The second cohort is the French ESPOIR (Étude et Suivi des POlyarthrites Indifférenciées Récentes) cohort.5 Between 2002 and 2005, 811 patients were enrolled. Inclusion criteria were the presence of inflammatory arthritis lasting for 6 weeks up to 6 months, involvement of >2 joints and the diagnosis by the rheumatologist as RA or RA-like (ie, a high suspicion of RA). Patients were excluded if they had other clearly defined inflammatory rheumatic diseases according to the rheumatologist. Regular and standardised follow-up was performed and included clinical, biological and radiographic data collection; data on the prescribed treatments were systematically compiled. A total of 700 patients had clinical and radiographic data available. The x-rays were scored by one experienced reader.
Definition of erosiveness
Baseline radiographs of bilateral hands and feet were scored using the Sharp-van der Heijde scoring method.6 The unit of analysis in this study, however, does not relate to a number of Sharp-van der Heijde points but to an erosive joint, defined as a joint with at least one erosion. Erosion was defined as an interruption of the cortex of the bone. The scoring data were used to group patients according to the number of erosive joints; the categories were one, two, three, four, or five or more erosive joints. The CMC-bone with the os trapezium was considered as one joint. The radial and ulna bone together with the os scaphoid and the os lunatum were considered one joint as well (the wrist).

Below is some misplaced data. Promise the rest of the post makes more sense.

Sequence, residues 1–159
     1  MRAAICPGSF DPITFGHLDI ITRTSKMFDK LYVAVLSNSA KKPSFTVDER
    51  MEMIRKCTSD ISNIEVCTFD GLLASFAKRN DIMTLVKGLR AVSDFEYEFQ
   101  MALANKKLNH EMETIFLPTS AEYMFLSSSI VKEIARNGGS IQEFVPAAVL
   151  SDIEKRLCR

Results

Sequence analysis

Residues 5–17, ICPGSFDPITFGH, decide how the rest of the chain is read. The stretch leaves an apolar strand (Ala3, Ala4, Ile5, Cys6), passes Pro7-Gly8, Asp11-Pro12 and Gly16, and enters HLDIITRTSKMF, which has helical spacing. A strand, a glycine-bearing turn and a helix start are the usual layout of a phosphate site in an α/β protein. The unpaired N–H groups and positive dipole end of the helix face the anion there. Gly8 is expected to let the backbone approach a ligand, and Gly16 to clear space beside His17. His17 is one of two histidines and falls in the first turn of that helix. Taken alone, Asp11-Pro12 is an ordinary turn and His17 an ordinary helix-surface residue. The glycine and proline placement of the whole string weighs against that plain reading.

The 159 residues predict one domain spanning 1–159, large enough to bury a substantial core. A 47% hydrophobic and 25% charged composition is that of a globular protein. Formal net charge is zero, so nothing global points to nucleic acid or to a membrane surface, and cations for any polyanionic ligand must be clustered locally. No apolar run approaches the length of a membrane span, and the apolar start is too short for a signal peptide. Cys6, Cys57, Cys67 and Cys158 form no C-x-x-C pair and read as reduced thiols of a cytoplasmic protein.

For subanalyses, patients were grouped per location of the erosions. The tested groups were: erosions only in PIPs, MCPs, MTPs or wrist. Combinations of groups were also considered; these were erosions in MCPs or MTPs; in MCPs, MTPs or PIPs; and in MCPs, MTPs, PIPs or wrist.